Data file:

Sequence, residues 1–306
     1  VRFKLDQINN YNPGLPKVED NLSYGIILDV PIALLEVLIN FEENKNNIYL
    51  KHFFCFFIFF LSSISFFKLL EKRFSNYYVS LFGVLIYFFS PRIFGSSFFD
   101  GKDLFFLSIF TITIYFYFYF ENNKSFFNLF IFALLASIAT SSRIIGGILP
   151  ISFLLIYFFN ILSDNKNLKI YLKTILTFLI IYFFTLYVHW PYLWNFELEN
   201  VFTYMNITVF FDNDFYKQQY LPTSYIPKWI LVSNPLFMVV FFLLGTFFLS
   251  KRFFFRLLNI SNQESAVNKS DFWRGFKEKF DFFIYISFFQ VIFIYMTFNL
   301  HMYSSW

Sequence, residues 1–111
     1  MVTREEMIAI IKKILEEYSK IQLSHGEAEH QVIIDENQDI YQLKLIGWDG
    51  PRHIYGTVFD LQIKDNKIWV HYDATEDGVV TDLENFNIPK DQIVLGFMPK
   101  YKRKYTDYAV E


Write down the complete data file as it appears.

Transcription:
Sequence, residues 1–306
     1  VRFKLDQINN YNPGLPKVED NLSYGIILDV PIALLEVLIN FEENKNNIYL
    51  KHFFCFFIFF LSSISFFKLL EKRFSNYYVS LFGVLIYFFS PRIFGSSFFD
   101  GKDLFFLSIF TITIYFYFYF ENNKSFFNLF IFALLASIAT SSRIIGGILP
   151  ISFLLIYFFN ILSDNKNLKI YLKTILTFLI IYFFTLYVHW PYLWNFELEN
   201  VFTYMNITVF FDNDFYKQQY LPTSYIPKWI LVSNPLFMVV FFLLGTFFLS
   251  KRFFFRLLNI SNQESAVNKS DFWRGFKEKF DFFIYISFFQ VIFIYMTFNL
   301  HMYSSW

Sequence, residues 1–111
     1  MVTREEMIAI IKKILEEYSK IQLSHGEAEH QVIIDENQDI YQLKLIGWDG
    51  PRHIYGTVFD LQIKDNKIWV HYDATEDGVV TDLENFNIPK DQIVLGFMPK
   101  YKRKYTDYAV E